National Front for the Salvation of Libya

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The National Front for the Salvation of Libya or NFSL is the most influential and at one time the best armed of the Libyan exile groups. Organized in 1981, it has collected a variety of exile Libyan elites and, more importantly, a variety of important foreign sponsors.

NFSL won its spurs with an audacious 1984 assassination attempt on charismatic Libyan dictator and male fashion plate Moammar Gadafi. Until Hamid Karzai was selected by the U.S. and NATO Allies to rule Afghanistan, Gadafi had few competitors for "most stylish Middle East strongman." Following the 1984 assassination attempt hundreds of Libyans were arrested in a round-up of suspected NFSL members and some spent many years imprisoned without charge or trial.

The military might of the NFSL was at its height in the late 1980s and early 1990s. In 1987 several hundred Libyan soldiers and a large quantity of Libyan military equipment were captured by the Chadian Army. Libya and Chad were involved in a long standing dispute over the Aozou Strip, a territory belived to hold large uranium reserves. The Libyan prisoners were recruited into a "Contra" force led by Col. Abdoulgassim Khalifa Haftar. Training was provided by the U.S. CIA and Chadian Army officers. Funding was provided by the U.S. and Saudi Arabia. The main base was at wonderfully named Ouadi Doum, located south of the Aozou Strip but still in far northern Chad.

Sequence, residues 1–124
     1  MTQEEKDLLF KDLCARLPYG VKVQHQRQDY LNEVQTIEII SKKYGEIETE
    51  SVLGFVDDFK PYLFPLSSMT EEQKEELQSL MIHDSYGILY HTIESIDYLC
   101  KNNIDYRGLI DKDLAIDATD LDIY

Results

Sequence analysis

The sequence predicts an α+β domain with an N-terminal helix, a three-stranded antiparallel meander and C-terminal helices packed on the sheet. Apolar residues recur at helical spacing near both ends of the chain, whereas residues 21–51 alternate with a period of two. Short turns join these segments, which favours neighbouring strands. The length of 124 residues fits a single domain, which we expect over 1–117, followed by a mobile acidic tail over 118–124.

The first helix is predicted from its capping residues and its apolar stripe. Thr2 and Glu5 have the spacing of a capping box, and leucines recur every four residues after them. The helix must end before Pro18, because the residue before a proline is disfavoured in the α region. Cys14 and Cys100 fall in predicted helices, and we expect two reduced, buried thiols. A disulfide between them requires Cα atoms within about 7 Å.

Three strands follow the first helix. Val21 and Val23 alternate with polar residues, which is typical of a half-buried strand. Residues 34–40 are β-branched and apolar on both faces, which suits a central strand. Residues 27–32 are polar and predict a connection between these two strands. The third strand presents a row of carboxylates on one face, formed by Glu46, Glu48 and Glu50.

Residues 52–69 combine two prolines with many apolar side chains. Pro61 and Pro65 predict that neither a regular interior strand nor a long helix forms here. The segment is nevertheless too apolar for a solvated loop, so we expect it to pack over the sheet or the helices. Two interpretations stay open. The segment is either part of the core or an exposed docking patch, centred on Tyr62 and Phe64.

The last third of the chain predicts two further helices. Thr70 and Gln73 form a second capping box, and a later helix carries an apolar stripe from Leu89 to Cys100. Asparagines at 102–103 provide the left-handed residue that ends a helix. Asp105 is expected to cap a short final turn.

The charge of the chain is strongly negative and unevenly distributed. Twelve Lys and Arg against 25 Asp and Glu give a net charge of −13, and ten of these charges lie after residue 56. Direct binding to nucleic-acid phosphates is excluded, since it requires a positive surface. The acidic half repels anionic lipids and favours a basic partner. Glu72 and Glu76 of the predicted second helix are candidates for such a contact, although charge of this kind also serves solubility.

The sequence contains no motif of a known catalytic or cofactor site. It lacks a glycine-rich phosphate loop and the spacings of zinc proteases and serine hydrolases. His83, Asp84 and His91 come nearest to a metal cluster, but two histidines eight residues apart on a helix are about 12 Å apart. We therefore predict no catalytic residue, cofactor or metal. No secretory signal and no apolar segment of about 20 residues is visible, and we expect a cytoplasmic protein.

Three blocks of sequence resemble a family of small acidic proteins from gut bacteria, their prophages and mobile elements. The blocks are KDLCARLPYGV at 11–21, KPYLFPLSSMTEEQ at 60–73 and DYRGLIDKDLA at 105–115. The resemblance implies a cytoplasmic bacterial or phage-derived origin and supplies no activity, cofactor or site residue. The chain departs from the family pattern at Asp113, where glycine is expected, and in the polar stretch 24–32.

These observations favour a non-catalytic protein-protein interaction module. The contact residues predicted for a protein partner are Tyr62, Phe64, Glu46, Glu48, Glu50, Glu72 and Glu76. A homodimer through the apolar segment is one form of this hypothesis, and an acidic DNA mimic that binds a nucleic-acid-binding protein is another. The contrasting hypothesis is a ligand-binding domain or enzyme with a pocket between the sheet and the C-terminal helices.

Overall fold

The Contra operation was reportedly ended because Moammar Gadafi threatened a chemical weapons strike in retaliation for any cross-border raids into Libya.


NFSL Leadership



  • "A Look at the Major Libyan Opposition Groups in Exile." Associated Press. June 26, 2005.
  • "USA/Chad Target Gadaffi." Africa Confidential. Vol. 30, No. 1. January 6, 1989.
  • Tarik Kafala. "Libyans 'Cyncial' on Gaddafi Move." BBC.
  • David E. Long & Bernard Reich. 2002. The Government and Politics of the Middle east and North Africa. Pp. 384-385.

External Links

  • NSFL Home Page
  • Libya: Our Home
  • Amnesty International Report on Libya 2002
  • Essay: The Secret War Against Libya
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